Necessary equipment for maximum effectiveness
You must carry out weed control treatments with efficient tools. You must equip sprayers with the right nozzles to ensure equal performance, guarantee the expected spray rate per acre, and correct directions.
The size and distribution of herbicide droplets determine the accuracy of the coverage of the sprayed areas and thus the amount of the absorbed product. Finer drops provide more accurate coverage of plants, but are more susceptible to wind drift at the time of treatment. The size of the drops can be adjusted by the appropriate selection of spraying nozzles and working pressure.
Assess the condition of weeds and crops
The decision on the choice of weed control in a given crop should primarily be based on the condition and degree of weed infestation of the field. The selected herbicide can be applied at a reduced dose only if the weeds in the field are sensitive to its full recommended dose. In addition, the weeds present in the field of the protected plant must not be overgrowing.
Young plants are always the most sensitive, from seedlings to 2 and up to 4 leaves. Before deciding to use herbicide in a lower dose, it is absolutely necessary to mirror the field to determine:
- Which type of weed grows on it
- What phase they are in
- Which species are most abundant
Caution for mixing products
The selection of the active ingredients or herbicide mixture for the actual state of weed infestation (foliar herbicides) or the anticipated state of weed infestation (soil herbicides) is undoubtedly one of the key factors determining the herbicide herbicidal effectiveness.
You should always perform the mixing of weed killing products according to the manufacturer’s recommendations. Add the chemicals in the right order. It is important to remember that depending on the reaction of the soil, using even the same mixtures in one field at different times may give different results.
When deciding to use several products at the same time, it is important to become acquainted with the possible negative effects of such actions. This can include, for example, a decrease in the effectiveness of the liquid due to the antagonism of the ingredients or difficulties in performing the treatment due to the heterogeneity of the resulting mixture.
Is there a correct dosage of herbicides?
The perfect quantity of a herbicide product is a common question. The use of herbicides at high doses often masks the influence of other factors that determine the effectiveness on the treatment for stubborn weeds. We should also note that high doses of herbicides can also cause damage to the protected garden plants. As a result, it might increase the overall cost of weed control for homeowners.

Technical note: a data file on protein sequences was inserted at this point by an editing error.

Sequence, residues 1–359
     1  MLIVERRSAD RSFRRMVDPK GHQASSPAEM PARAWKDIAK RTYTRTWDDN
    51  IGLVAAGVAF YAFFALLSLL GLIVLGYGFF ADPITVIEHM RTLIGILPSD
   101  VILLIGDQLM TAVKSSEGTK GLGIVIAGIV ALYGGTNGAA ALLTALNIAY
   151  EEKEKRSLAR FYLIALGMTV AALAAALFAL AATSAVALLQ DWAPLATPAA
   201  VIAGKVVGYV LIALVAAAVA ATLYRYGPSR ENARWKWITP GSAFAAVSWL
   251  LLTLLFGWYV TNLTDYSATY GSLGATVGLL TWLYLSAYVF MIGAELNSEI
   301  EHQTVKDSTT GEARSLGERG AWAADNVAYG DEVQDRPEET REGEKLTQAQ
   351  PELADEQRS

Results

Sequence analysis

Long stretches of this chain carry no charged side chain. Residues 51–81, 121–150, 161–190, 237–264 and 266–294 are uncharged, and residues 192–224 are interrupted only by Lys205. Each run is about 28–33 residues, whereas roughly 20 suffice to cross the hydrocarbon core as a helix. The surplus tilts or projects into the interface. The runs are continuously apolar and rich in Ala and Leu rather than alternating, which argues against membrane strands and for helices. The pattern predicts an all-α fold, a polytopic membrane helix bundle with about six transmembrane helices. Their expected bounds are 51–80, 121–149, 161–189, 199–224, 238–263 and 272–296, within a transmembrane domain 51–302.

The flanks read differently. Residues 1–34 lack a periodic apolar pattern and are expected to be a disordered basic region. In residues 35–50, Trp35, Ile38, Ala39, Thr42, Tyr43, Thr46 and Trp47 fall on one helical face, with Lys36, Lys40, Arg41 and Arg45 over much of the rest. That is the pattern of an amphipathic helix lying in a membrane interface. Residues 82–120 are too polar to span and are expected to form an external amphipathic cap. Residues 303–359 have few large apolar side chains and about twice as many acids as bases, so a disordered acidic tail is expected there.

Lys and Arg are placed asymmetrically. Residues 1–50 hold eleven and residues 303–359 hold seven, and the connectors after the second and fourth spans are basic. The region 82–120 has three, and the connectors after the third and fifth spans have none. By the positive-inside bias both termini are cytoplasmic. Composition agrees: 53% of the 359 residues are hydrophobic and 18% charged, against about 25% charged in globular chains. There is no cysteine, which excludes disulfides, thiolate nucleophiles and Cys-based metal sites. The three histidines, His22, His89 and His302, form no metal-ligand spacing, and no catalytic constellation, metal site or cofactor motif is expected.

The main purpose of herbicide use is to destroy the existing weeds with the lowest possible dose of the active substance. Therefore, all possibilities to apply limited doses should be taken into account. This might include adapting the application date of the herbicide to the state of weeds in growth, or optimizing the properties of the spray liquid by adding appropriate adjuvants.
The herbicide doses recommended on the labels and detailed instructions take into account many unfavorable conditions in which the herbicide can be applied. They are usually administered within the upper limits.
Avoid dangerous herbicides with glyphosate
The effectiveness of glyphosate is due to the inhibition of the synthesis of certain amino acids in the plant, so it is not able to produce the proteins it needs to grow.
Genetically modified plants that recently appeared on the market are resistant to glyphosate. They have a modified sequence of enzymes involved in the production of these amino acids, which allows a specific plant hormone to avoid this chemical structure. But the danger lies in that the blocked enzyme is only encoded by the DNA of plants and microorganisms. It does not occur in animals, and especially not in humans – children included. Do not ignore these warnings.
Another hazard associated with the use of glyphosate in large areas is its penetration into surface waters. Glyphosate has a lethal effect not only on terrestrial plants but also on plants and other aquatic organisms. Instead of encouraging stores and companies to produce more glyphosate-based herbicides, apply weed killers that are safe to you and the environment.
Sierra Natural Science organic weed killers
When thinking of buying weed control products, the most important factors are the ease and safety of use. Therefore, you should only choose herbicides from reliable suppliers and natural sources.
If you need to remove weeds safely, quickly, and effectively, Sierra Natural Science has what it takes. Their organic ready to mix weed killer products act on both young shoots and developed weeds, blocking their regrowth. All chemical substances are safe for children and pets including our organic herbicide, contact weed killer, and systemic weed killer products. Check the offer and choose the natural weed killer product that best meets your expectations. Any questions about organic weed removal or any target weeds? Our team of professionals will happily assist you in person or online in choosing the right organic herbicides. Get in touch now!